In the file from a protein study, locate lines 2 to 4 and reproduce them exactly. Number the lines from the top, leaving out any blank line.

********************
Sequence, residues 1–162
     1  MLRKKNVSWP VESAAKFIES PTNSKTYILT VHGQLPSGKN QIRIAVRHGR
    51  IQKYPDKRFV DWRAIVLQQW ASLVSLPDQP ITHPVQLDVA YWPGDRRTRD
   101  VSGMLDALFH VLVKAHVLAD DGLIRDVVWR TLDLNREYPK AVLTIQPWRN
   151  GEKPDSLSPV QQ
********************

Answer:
     1  MLRKKNVSWP VESAAKFIES PTNSKTYILT VHGQLPSGKN QIRIAVRHGR
    51  IQKYPDKRFV DWRAIVLQQW ASLVSLPDQP ITHPVQLDVA YWPGDRRTRD
   101  VSGMLDALFH VLVKAHVLAD DGLIRDVVWR TLDLNREYPK AVLTIQPWRN